This is basically substituting sugar for tea. It’s the most appalling substitution racket since sheep’s dung was used to make smuggled tea go further in 1700s England. Or is it? What do the manufacturers say?

Unilever (Lipton)  emailed TV2 to explain that they use maltodextrin as part of the flavouring, and that Maltodextrin contains sugar, but in such small quantities that it does not make the tea sweet”.

Whilst that’s pathetic, it’s mild compared to Twining’s reaction.

They refused a request for interview, and attempted to prevent the article being aired or promoted.

They argue – you’ll love this:

  • their own tests show only about ten percent sugar in teab*gs with Green Tea & Lemon.
  • the amount of sugar  becomes much smaller when you put the teab*g in water (I guess they mean in percentage terms) , and therefore is wrong to talk about how much sugar there is in the teab*g.
  • The reason they have added sugar is as a carrier for citric taste of the tea and that under European labeling rules they are not required to list such carriers  in the ingredient list on the product.

Good one, Twinings! Hope that works out for you.

Assuming that Twinings are right about the 10% thing, that means that .2 grams of sugar is present per cup. So yes, you would need to go through 25 cups to make  a teaspoon of sugar. And quite frankly, anyone who has ONE teab*g and then goes back for more deserves what they get to an extent.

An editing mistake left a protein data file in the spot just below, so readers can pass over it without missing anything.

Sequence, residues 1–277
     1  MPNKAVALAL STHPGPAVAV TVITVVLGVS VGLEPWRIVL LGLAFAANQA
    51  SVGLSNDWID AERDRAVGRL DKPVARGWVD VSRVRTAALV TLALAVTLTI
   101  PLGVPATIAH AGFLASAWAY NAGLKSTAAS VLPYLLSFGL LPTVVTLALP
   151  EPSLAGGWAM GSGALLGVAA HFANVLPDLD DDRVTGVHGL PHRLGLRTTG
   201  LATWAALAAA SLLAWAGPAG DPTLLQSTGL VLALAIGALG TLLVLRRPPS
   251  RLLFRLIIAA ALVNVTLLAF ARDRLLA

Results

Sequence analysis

Nevertheless, all joking aside there are some importunate questions here:

  • Are diabetics not worthy of consideration?
  • Is the tea that bad it needs sweetening?
  • What else might they be omitting from the label?

All companies need a measure of trust. Trying to close down a factual article about your product is not going to inspire that.

Both these companies are at least partly British. This could, and possibly should, be the biggest scandal in Anglo-Norse relations since Lindisfarne 793.

 

 

 

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Robert Godden

Certified Tea Nutter. Blender. Author of "The Infusiast" and Tea "Stories"
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9 thoughts on “Sukret te gate: It’s the ‘Sugar Tea Gate’ Scandal

  1. You can always count on the Norwegians to go where no man has gone before.
    No way, these words were made for others…

    These companies do not care for their customers and their answers really bring shame on them.

  2. As is written, if you add sugar tell people you’ve added sugar don’t “sugar coat” it with terms most people do not understand. When you hide the facts you give tea a bad name. That’s why “Sweet Tea” is called “Sweet Tea” and macarons have sugar 🙂
    Thanks Robert

  3. I knew about Lipton but Twinnings does surprise me a bit.

    There was a tv-item on the subject a while back on Dutch Television. They tried to find out what that stuff was in some Lipton flavoured teas (they also discovered it was in the “pure” yellow label black “tea”).

    It took them a while to find out (okay it is tv, so edited…).

    Mostly in Dutch, but contains images of the strange stuff found:
    http://www.uitzendinggemist.nl/afleveringen/1392216